Interview with J.R. Tompkins

What inspired the title of your latest book, “Price of the Child?”
As a very naive young man, I saw the systemized mistreatment of children by institutions and individuals who claimed to be protecting kids but were in fact only protecting their own positions and political power. The cost, to the children, the price they paid, seemed so absolutely senseless to me.

The experience, in a very real way, left me speechless, and for a very, very long time, I couldn't find a way to write about it. But it kept eating at me. I needed some sort of a catharsis.

Finally, through the cascading idea of a boy who barely survives a near-fatal mountainside fall, I found myself writing a story of his rescue, about the price of personal heroism upon the young man who commits to rescuing this abused boy and seeing him through to a safe landing. Taking that kind of a risk costs him something. It exacts a price. Unlike comic book heroics, true heroism deprives the hero of a carefree future. It takes a toll and it leaves scars. It hurts.

Then I found myself writing about a woman who might share with him similar scars, who, like him, struggles to understand that sacrifice’s whopping effects upon their lives. About how it takes from them all and inflicts on them a kind of systemized brand of victimization via the courts. But like I said, I wanted them to be able to share this struggle between them, and be better, and closer, for having survived it together, in a common understanding.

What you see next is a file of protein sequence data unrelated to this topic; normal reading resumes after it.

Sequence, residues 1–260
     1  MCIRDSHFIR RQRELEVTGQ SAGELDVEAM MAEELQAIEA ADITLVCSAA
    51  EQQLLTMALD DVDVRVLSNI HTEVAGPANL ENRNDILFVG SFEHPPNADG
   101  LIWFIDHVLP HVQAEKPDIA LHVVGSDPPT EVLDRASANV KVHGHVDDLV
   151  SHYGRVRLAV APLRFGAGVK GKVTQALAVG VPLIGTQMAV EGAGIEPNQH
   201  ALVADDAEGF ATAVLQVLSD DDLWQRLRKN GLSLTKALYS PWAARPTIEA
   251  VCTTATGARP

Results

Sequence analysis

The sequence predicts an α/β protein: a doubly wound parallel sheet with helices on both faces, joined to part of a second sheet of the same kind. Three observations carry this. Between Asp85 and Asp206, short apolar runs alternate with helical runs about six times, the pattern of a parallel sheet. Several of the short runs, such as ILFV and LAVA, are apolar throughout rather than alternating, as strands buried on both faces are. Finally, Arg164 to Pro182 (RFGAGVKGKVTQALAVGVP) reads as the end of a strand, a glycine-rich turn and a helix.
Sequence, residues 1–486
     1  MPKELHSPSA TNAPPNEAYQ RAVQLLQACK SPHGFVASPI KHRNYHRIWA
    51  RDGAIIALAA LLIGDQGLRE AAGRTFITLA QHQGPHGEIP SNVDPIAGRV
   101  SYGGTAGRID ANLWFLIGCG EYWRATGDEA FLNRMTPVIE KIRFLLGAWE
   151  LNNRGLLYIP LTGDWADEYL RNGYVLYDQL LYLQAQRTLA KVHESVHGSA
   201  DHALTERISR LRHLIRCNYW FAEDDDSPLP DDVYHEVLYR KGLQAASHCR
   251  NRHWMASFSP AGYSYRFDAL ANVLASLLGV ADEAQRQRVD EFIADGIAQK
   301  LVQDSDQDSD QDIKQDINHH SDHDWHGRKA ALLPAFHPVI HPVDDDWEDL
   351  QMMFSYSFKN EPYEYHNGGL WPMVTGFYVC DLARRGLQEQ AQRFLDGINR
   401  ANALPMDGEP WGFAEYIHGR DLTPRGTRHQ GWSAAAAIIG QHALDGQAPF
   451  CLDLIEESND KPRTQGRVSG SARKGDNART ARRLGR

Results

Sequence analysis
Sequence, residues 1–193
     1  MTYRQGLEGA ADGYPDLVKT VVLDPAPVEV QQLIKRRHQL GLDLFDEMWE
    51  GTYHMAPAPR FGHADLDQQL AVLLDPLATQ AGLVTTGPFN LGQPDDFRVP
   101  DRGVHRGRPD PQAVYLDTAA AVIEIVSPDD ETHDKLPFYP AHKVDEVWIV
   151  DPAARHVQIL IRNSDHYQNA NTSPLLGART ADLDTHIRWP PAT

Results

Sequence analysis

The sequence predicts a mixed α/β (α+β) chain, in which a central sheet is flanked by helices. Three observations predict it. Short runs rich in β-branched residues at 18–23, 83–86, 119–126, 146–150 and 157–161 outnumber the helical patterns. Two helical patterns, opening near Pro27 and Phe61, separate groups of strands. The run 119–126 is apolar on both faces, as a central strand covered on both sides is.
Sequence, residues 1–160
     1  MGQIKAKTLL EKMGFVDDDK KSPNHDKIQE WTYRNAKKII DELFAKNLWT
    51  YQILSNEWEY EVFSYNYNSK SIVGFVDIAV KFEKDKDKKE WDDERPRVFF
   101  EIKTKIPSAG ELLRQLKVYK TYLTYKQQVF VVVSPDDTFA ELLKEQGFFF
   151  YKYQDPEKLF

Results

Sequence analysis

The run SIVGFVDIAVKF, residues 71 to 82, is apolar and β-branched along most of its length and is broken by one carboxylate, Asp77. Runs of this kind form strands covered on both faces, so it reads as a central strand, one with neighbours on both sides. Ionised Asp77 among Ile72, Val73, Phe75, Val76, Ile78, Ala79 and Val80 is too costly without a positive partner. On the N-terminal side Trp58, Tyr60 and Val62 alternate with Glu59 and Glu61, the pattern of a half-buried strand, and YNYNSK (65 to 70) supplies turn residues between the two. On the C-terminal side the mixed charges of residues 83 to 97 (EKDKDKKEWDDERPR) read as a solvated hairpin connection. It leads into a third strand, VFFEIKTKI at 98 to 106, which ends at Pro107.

A high “price” paid should equal a thing of value earned, which, in turn, should become rewarding for those invested. That’s the hope they hold within the story, anyway. There are more allusions to the title in the book, of course, but for that, you’ll just have to read it!
If you had to pick just one, what would be the single most favorite passage that you've written?
Easy. There are one-hundred-and-eighty words from the end of Chapter Seventeen of “Price Of The Child” which I think sum up something simple and so important. They are, as a passage, a distillation of what the whole book is about, yet graph a moment in character and atmosphere:

“Jake filled his lungs with breath, and felt Sam’s head rise and fall. This is true peace, he thought. This must be what parents feel in those rare moments they get to treasure their children.

Jake looked down upon Sam’s dark strands of hair, his eyebrows, the tiny lashes of his sleepy eyelids, and wondered to himself what it must be like to have a child like Sam for a son. What must it be like to share the birth of one’s own child?, he wondered. What would it be like to feel so attached, so intrinsically bonded, so protective of one’s own best connection with time and the ages, of generations past and future, of another human life, of their time?

Jake looked down at Sam’s small fingernails, and gently touched Sam’s fingers with his own. How could anyone turn away a child like Sam, or any child, ever? How?

Jake just couldn’t even approach an imagining of it, nor did he really want to. He just sat there, quietly breathing Sam’s presence, feeling Sam’s weight upon his heart.”
Published 2016-12-03.
Smashwords Interviews are created by the profiled author, publisher or reader.

Books by This Author

Price of the Child
Price: $1.49 USD. Words: 63,680. Language: American English. Published: August 9, 2014. Categories: Fiction » Romance » General, Fiction » Literature » Literary
The desperate, overnight, nine-mile wilderness struggle to keep seven-year-old Sam alive and save his life after a near-fatal mountainside fall will forever bind Sam to his reluctant hero Jake. But can social worker Helen channel Jake’s heroism, find the hero within herself, and somehow rescue Sam from his dangerously unstable father?